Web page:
He turned in a circle twice, trying to get his bearings. Nothing, and the night was almost fully upon him. Remembering his roots, he stood still and closed his eyes, letting his primitive, animalistic instincts take over. Without his vision and reason to distract him, he intuited the direction of the camp and took off at a brisk pace in that direction.
He didn’t have long to run.
The jungle parted, revealing the rough clearing that Yrisir had chosen for the camp, but all was not as Saviin had left it. Tents and supplies were strewn about, the wagons were toppled, and dead horses were scattered amongst the debris. Methodically, the young lieutenant slowly worked his way around the camp, noting the dull pink of watered-down blood on the oilskin tent flaps.
There were no weapons discarded and there were no bodies. Saviin had come to know and respect Yrisir and his caravan guard well, there should have at least been a body of one invader in the muck. But he saw none, friend or foe. He thought for a moment to make a tunic out of one of the tents, but he lacked a sharp tool to fashion it. He shrugged. What to do now?
For the briefest of moments, he considered leaving the doomed members of his party to their fate and making his way east where surely the Fruchlandian border lay. He dismissed the thought almost immediately. He had a duty and a contract with Balithia, not to mention his friendship with his Lirchish captain. He would at the very least try to ascertain what had happened.
Then Saviin realized something. What he had at first thought of only as the pounding in head where he had hit the tree, he now realized was the drums the noblewoman had spoken of. They were still beating, and he could follow their sound.
Half-nude and unarmed, Saviin set off towards the drums in the west.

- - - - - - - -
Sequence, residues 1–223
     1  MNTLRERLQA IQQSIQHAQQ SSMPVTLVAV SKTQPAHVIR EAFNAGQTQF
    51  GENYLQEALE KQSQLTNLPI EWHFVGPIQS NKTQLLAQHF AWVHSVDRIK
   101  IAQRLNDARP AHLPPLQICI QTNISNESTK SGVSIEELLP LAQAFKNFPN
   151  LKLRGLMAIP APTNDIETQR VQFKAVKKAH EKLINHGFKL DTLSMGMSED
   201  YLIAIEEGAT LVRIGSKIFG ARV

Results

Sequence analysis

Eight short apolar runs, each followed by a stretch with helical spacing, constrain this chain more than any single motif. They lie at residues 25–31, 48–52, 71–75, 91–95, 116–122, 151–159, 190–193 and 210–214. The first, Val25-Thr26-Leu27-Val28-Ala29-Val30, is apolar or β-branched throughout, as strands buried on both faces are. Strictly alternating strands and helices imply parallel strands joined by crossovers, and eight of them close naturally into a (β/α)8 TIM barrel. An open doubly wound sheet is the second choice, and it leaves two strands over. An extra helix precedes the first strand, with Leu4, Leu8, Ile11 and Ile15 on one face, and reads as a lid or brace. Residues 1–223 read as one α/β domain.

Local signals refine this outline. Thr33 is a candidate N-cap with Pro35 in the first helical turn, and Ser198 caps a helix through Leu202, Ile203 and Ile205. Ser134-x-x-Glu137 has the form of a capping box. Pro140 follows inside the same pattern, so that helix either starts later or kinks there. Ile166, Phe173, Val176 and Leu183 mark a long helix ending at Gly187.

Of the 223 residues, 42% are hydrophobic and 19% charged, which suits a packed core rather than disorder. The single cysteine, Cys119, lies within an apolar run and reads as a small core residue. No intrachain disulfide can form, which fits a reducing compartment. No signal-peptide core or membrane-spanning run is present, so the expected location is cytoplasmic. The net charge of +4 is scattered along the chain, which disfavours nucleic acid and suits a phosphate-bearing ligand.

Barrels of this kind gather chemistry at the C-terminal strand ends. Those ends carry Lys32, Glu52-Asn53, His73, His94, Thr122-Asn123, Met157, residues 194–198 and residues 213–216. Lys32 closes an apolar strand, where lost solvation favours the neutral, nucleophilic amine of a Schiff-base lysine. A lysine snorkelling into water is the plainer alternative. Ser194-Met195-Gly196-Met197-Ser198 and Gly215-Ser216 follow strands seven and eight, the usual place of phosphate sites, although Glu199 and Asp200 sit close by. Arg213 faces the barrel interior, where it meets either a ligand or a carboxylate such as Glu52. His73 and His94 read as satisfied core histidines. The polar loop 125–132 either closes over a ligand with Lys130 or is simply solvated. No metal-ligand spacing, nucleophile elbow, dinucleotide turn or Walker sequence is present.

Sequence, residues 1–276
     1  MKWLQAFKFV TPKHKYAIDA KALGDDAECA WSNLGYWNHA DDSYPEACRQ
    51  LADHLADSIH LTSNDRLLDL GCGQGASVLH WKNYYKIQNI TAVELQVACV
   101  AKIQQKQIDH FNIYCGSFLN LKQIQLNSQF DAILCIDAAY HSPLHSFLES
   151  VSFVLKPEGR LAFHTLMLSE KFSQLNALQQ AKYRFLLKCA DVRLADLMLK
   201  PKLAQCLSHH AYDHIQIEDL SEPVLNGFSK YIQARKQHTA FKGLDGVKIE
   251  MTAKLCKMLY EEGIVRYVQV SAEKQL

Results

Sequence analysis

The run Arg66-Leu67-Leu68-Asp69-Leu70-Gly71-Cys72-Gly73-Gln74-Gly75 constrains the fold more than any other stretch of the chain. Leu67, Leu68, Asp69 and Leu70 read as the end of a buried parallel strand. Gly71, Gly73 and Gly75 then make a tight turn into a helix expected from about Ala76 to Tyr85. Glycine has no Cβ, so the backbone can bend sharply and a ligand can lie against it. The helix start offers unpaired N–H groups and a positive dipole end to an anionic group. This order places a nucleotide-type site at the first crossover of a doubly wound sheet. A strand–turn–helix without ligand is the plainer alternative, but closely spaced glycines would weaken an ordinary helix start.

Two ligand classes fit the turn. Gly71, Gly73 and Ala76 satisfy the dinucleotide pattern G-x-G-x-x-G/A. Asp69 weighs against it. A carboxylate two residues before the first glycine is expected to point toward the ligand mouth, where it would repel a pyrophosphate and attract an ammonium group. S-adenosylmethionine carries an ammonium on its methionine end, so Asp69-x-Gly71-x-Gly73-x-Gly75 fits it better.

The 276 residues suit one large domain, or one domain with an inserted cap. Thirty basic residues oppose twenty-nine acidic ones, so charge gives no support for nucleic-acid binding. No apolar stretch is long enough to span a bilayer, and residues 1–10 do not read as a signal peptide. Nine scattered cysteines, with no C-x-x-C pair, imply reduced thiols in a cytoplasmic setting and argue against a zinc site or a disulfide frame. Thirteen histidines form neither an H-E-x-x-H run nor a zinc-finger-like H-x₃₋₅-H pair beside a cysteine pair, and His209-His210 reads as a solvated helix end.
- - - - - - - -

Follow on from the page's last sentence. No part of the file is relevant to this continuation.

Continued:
* * *
The cliff rose through the darkness before him like the walls around the palace of an agoraphobic king. He knew there must be a pass the raiders had taken, but he had no patience in finding it. With a determined grunt, Saviin began to scale the rock face in the darkness.
His calloused fingers and toes sought every crag and crevice, no matter how slight. Slowly he ascended. It is true that he climbed better in the dark than most men would have in the light of day, the rain notwithstanding.
As a boy raised in the rough-hewn cliff dwellings of the southern peninsula, it had been the simplest of feats for him and his playmates to climb steep, jagged spires in search of rabbits or other small game of the mountains. He reflected now that this cultural trait had saved his hide more times than he could count.
The sound of the drums continued.
The ascent was slow and hard. His corded muscles stood out on his back, causing rivers of rain to flow down his rough, tanned skin. Every now and again he would have to hug the sharp rocks as the storm wind picked up and threatened to send him tumbling down into the jungle far below. But he did not relent.
Soon, the world opened up anew and he found that he had reached the summit. He swung his massive frame over the ledge and granted himself a moment’s respite before he peered down the western slope. There, like the pin pricks of stars on the black velvet of a clear, calm night, Saviin saw many fires set in a circle.
The clearing was deep in the jungle, but he knew he would soon be near their warmth. He did not need it now, however, for the hot blood of revenge boiled in his veins.
He slowly began his descent of the western face.
* * *
Copyright © 2010 by Travis J. Gates